Endothelin (ET) 1 is a potent vasoconstrictor peptide produced by vascular endothelial cells and implicated in various pathophysiologic states involving abnormal vascular tone. Homozygous ET-1 null mice have craniofacial and cardiac malformations that lead to neonatal death. To study the role of ET-1 in adult vascular physiology, we generated a mouse strain (ET-1flox/flox;Tie2- Cre mice) in which ET-1 is disrupted specifically in endothelial cells. ET-1 peptide levels in plasma, heart, lung, kidney, and brain homogenates were reduced by 65% to 80% in these mice. mRNA levels for ET Areceptors were unaltered except that the ETA receptor mRNA was upregulated in the heart. ET-1flox/flox;Tie2-Cre mice had mean blood pressures 10 to 12 mm Hg lower than genetic controls. In contrast, the blood pressure of mice systemically heterozygous for the ET-1 null allele (ET-1 mice) was unchanged compared with wild-type littermates. Despite the lower basal blood pressure, acute pharmacological responses to angiotensin II, captopril, phenylephrine, bradykinin, N-nitro-l-arginine methyl ester, and exogenous ET-1 were normal in ET-1;Tie2-Cre mice. These results support an essential role of endothelial-derived ET-1 in the maintenance of basal vascular tone and blood pressure. Normal pharmacological responses of ET-1;Tie2-Cre mice suggest that the renin-angiotensin system, the adrenergic system, and NO are not significantly altered by endothelial ET-1. Taken in conjunction with other lines of genetically altered mice, our results provide evidence for a paracrine vasoregulatory pathway mediated by endothelial cell-derived ET-1 acting on the vascular smooth muscle ETA receptor.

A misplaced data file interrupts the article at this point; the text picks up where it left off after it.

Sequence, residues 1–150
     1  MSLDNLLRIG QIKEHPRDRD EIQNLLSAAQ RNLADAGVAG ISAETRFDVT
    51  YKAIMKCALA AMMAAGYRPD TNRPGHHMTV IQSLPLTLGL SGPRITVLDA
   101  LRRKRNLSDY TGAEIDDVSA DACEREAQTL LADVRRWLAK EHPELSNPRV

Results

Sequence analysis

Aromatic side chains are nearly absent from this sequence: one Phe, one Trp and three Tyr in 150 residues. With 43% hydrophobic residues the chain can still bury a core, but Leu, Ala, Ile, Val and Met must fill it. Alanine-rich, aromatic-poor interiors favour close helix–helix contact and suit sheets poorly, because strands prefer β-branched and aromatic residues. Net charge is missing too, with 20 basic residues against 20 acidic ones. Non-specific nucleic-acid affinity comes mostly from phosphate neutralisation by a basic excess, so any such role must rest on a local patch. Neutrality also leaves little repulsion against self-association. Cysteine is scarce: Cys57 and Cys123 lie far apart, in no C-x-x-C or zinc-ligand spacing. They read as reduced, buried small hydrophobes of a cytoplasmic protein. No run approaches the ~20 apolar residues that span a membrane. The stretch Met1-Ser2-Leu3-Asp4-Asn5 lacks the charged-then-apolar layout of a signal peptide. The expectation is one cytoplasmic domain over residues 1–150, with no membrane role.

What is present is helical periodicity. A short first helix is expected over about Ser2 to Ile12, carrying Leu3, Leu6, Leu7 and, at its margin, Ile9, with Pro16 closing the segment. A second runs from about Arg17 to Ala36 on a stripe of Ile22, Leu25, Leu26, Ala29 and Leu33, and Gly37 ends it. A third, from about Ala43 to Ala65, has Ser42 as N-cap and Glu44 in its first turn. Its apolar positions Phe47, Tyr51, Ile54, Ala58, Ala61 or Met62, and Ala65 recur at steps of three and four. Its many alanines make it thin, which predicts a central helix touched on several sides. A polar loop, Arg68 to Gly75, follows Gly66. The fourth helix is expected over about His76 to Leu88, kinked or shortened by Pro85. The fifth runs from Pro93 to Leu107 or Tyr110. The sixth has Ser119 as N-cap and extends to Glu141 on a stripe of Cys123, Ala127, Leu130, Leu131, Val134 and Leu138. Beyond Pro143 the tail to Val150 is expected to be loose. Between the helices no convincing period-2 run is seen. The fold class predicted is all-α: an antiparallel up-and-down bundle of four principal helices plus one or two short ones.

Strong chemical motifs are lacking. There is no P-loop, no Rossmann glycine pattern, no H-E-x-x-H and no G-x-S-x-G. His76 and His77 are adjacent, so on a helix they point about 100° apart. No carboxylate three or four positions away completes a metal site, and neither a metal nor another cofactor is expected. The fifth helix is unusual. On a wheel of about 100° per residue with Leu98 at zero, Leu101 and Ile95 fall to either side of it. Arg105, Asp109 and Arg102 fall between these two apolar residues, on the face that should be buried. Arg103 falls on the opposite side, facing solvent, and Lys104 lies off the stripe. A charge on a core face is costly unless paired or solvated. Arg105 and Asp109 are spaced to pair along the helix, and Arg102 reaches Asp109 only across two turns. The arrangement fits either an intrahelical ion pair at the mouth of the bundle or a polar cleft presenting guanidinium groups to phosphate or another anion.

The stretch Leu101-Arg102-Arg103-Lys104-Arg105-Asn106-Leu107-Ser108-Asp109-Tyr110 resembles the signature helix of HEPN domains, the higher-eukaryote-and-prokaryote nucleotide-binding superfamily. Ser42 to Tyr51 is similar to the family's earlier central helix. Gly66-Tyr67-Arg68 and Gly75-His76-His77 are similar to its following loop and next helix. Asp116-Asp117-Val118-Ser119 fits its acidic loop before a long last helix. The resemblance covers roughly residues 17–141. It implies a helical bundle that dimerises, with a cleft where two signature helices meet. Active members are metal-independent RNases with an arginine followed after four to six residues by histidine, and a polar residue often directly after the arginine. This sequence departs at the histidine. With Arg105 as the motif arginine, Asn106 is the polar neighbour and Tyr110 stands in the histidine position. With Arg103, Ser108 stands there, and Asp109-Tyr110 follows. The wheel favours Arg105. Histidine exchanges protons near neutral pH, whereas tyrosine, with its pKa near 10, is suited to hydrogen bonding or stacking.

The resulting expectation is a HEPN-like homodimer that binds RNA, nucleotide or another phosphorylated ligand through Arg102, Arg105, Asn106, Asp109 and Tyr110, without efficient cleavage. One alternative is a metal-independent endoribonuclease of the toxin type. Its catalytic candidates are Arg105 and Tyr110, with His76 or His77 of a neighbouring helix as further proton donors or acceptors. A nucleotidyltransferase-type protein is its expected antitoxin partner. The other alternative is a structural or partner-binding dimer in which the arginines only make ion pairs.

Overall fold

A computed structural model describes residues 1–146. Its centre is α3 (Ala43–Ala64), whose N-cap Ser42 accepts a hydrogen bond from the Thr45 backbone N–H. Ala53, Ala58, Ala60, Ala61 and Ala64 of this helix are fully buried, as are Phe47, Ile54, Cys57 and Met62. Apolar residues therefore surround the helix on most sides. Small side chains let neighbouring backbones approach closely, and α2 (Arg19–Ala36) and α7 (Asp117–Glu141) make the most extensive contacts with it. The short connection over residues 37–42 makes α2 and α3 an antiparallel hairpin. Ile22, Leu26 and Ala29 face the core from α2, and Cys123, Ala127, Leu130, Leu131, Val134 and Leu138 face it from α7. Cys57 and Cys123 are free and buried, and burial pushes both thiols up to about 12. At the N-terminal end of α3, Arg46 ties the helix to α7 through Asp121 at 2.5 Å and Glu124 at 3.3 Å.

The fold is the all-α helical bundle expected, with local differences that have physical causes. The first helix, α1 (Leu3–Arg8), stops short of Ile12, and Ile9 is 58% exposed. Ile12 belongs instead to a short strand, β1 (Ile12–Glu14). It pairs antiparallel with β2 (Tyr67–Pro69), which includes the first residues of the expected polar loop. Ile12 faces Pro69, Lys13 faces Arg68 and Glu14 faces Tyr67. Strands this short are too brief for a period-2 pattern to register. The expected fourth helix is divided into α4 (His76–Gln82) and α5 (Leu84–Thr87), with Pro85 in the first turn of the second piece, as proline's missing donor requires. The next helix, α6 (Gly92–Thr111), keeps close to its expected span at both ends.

|Original language||English (US)|
|Number of pages||8|
|State||Published - Jul 1 2010|
- Blood pressure
- Gene knockout
ASJC Scopus subject areas
- Internal Medicine